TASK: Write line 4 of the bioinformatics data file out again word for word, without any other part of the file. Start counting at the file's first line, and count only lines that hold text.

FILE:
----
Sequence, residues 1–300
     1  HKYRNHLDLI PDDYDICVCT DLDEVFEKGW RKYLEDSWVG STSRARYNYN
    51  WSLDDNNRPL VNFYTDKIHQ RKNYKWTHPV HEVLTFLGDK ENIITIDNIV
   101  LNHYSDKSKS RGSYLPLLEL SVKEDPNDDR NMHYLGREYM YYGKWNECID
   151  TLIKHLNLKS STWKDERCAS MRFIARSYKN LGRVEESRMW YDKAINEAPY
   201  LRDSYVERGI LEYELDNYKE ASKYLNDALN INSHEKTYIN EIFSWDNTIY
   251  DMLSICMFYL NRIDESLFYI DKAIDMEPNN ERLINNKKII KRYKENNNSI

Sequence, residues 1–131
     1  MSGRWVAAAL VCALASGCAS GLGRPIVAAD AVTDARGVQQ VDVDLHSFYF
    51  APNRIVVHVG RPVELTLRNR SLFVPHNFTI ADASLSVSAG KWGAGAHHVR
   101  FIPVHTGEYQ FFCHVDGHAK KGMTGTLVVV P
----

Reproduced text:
   101  LNHYSDKSKS RGSYLPLLEL SVKEDPNDDR NMHYLGREYM YYGKWNECID